by Hannah Papp
In the cover of one of my travel journals, I drew an elaborate labyrinth. As I was traveling, the language of the labyrinth spoke to me. A labyrinth, unlike a maze, has no tricks up its sleeve. You can trust it implicitly and relax as you move through it, knowing you will easily find your way. A labyrinth consists of a direct path to the center and direct path out from the center. There are no frighten- ing twists and turns, no paths that end in impermeable walls, no spaces that hold the intent to confuse the person within. When I first discovered this distinction, the labyrinth became a symbol for me, representing both the physical and spiritual journey I was on. Labyrinths are meant to be spiritual tools, and there are records of their existence as far back as four thousand years. Chartres Cathedral in France has a beautiful thirteenth-century labyrinth within its walls, and many abbeys, monasteries, and churches worldwide include them in their gardens and courtyards. Retreat centers, parks, and New Age destinations have labyrinths aplenty as well. In this environment, guests are invited to walk the labyrinth in silence, and multiple people can be in the labyrinth at the same time. As you pass another labyrinth walker, you simply turn sideways so both of you can fit and pass each other, and proper labyrinth etiquette is to nod at most but not say anything at all to disrupt the process for either one of you. Walking a labyrinth alone is a real treat because you don’t have to worry about etiquette and there aren’t any distractions from your process. As you enter the labyrinth, you have the opportunity to reflect on your life or to meditate. Your brain, having to pay attention to the path as well as your thoughts, becomes focused. You begin to feel still and peaceful. You become centered. You may reflect on long-dormant memories or ideas that reveal something to you about the nature of who you have become, or you may enter a deeply meditative state.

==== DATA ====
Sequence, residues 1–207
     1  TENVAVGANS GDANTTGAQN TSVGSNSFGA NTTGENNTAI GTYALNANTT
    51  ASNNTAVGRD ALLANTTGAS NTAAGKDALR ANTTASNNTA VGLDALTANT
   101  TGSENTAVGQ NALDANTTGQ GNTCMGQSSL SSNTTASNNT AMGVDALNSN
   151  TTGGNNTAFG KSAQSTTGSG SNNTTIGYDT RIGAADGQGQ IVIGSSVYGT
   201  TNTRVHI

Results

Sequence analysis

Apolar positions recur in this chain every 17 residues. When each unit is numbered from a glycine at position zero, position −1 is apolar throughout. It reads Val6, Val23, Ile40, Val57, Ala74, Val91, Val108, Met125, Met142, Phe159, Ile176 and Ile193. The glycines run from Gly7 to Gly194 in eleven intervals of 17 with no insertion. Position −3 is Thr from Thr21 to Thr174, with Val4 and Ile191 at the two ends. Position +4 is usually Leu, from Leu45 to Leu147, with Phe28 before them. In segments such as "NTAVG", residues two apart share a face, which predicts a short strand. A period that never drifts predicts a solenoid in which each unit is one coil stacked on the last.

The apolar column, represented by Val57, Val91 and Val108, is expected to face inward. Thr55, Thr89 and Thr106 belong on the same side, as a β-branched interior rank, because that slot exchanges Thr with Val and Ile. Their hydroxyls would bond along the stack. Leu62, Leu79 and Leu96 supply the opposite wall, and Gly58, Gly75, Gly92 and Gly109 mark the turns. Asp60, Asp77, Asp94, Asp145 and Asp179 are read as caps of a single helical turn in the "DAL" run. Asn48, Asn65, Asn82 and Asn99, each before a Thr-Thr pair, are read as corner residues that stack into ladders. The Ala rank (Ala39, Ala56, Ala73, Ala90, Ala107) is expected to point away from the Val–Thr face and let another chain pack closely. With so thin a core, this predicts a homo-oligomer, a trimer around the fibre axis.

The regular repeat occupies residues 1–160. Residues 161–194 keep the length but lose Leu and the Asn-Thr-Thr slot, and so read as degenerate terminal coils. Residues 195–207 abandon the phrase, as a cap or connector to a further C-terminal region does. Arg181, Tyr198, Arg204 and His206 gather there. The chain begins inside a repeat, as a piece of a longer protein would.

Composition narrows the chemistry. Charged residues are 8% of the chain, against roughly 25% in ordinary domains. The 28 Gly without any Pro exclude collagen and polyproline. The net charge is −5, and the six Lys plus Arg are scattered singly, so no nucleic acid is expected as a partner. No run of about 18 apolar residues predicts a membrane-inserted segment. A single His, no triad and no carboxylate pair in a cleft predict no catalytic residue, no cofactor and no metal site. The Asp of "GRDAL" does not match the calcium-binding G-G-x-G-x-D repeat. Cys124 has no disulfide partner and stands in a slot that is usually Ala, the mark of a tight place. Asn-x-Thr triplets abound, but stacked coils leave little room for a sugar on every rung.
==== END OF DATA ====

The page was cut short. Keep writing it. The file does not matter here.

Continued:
The labyrinth is a mystic’s symbol if ever there was one. As a Mystical Backpacker, hold the intent that your journey is a labyrinth, not a maze. You are not entering a time of frightened confusion. You are traveling a straight path to the core of your being as you walk a straight and trick-free physical path on your backpacking adventure. Knowing this is true, the moments of uncertainty or challenges you face can be perceived simply as exercises toward your own enlightenment. That doesn’t mean you won’t feel discomfort. I certainly did. The cover of that journal is worn by my touch, for each time I was frightened or uncomfortable I would look at the labyrinth I had drawn and remind myself that I was just where I needed to be.
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